REGULATORY ISSUES IN VACCINE MANUFACTURING
Vaccines are generally (although not always) prophylactic biomolecules, therey making their development and commercialization
complex. A set of basic regulatory criteria from the WHO applies to vaccine manufacture, regardless of the technology used
to produce the products. Licensure of a new vaccine is based on the demonstration of safety and effectiveness, and the ability
to manufacture in a consistent manner. The manufacturer facilitates the development and evaluation of new vaccines by anticipating
and addressing the regulatory issues involved. General regulatory issues that are applicable to other biologicals, such as
detection of adventitious agents and improved test methods that are reliable and sensitive, are valid for vaccines as well.
Additional vaccine-specific issues include determining correlates of protection necessary for evaluating efficacy, improving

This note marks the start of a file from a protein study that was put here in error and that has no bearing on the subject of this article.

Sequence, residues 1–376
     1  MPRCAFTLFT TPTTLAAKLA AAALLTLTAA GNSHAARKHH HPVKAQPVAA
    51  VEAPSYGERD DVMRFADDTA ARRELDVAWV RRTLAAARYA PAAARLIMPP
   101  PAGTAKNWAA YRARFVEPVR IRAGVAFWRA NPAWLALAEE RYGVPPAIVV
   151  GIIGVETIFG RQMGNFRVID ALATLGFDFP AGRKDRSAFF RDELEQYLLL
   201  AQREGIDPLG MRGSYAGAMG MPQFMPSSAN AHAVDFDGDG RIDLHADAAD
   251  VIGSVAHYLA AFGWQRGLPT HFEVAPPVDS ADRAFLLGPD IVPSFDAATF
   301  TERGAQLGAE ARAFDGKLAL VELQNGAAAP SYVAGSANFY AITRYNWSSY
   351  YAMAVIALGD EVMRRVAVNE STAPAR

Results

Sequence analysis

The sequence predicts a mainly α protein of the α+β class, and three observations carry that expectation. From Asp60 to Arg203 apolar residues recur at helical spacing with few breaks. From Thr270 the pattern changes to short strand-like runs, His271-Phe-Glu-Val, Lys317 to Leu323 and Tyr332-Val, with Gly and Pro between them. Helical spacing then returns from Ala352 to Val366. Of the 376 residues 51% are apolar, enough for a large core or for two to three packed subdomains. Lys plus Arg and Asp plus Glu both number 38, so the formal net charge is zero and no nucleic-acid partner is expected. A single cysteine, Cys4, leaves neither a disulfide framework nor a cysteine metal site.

assays for potency, or finding animal models that can be used for the evaluation of efficacy when human clinical trials are
not feasible or unethical (17).
Although the use of animal-cell culture for manufacturing viral vaccines is the current practice, regulatory challenges tied
to this protocol are extensive. The WHO requires additional reports to ensure safety of the population receiving vaccines
generated out of cell culture. Required tests include confirming tumorigenicity, checking for extraneous agents of the cell
substrate, residual HCP and residual DNA, equivalence of cell culture and egg-based vaccines (i.e., antigenic characterization
by cross-reactivity of specific antisera and animal protection studies).
THE NEED FOR SINGLE-USE IN VACCINE MANUFACTURING